I bought the above stone at the hospital where Kelly gave birth to her son. We were in the gift shop, searching for an escape magazine for her to read, and this stone sat on a shelf, whispering to me about a forgiveness I've wanted for over a decade. I bought it to remind myself to strive to that, what Ryan insisted again and again to do: forgive, forgive. What use is holding grudges? What use is letting the past dictate a relationship, making it more and more tangled?
A few nights ago, I watched the documentary The Big Question, which had me bleary-eyed and has lingered long with me. The film is about forgiveness, telling hard stories: the Amish schoolhouse shooting (I remember being struck by news accounts of that pervading forgiveness), the Oklahoma City bombing (where one grieving father remembers how his daughter said of a Texas execution, That's just revenge, and the father was able to make peace in honor of his daughter), and so many, many other injustices--Hopi reservations, Japanese internment camps, Martin Luther King Jr. and the civil rights movement, South African apartheid with Archbishop Desmond Tutu, and Thich Nhat Hanh, which was the draw for me.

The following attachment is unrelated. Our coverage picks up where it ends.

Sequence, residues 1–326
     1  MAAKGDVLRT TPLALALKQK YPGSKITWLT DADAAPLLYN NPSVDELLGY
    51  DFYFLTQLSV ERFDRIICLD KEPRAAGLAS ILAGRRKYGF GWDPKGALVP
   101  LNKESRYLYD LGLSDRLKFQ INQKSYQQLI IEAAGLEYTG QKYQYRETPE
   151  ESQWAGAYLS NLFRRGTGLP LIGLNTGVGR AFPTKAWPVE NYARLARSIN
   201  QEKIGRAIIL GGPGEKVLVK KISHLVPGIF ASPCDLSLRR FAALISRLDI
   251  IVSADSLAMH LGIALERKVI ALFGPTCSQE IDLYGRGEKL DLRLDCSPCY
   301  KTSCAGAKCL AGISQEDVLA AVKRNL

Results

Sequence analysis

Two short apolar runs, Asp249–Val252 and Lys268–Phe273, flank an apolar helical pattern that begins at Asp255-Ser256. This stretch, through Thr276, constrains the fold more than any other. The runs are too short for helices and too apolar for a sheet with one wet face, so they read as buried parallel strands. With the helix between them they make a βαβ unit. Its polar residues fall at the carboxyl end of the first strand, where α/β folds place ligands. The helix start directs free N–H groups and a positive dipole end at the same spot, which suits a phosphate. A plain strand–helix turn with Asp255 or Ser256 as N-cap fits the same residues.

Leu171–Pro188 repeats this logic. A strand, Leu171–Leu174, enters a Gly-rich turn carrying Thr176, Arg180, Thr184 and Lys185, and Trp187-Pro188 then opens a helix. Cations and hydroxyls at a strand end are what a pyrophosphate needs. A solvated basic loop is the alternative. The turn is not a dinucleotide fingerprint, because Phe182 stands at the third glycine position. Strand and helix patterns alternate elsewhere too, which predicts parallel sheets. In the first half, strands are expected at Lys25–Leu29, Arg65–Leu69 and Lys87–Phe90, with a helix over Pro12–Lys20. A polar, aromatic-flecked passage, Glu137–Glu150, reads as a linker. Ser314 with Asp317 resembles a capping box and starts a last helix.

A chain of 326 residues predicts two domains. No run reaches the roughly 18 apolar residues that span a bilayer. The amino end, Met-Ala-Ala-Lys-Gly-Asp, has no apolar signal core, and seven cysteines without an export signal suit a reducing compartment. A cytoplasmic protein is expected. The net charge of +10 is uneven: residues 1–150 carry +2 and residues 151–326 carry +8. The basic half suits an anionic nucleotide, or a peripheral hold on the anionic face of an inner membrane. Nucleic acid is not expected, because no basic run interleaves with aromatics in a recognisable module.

I've been lucky enough to find myself in the act of forgiveness, and it's spread--making peace with the past is one of the best blessings one can encounter, I believe.
It reminds me of Life is Beautiful, a film I would end the high school freshmen classes I taught with--we'd watch the film and write an essay about how other characters we've studied made their lives beautiful (Atticus Finch, Martin Luther King Jr), how the characters in the film do so, how these students themselves look to make their lives beautiful. It's a wonderful way to end the semester, to look into months of summer.
I hope this coming spring continues to be beautiful; I hope I can find ways to push forth into that beauty, celebrate, make peace.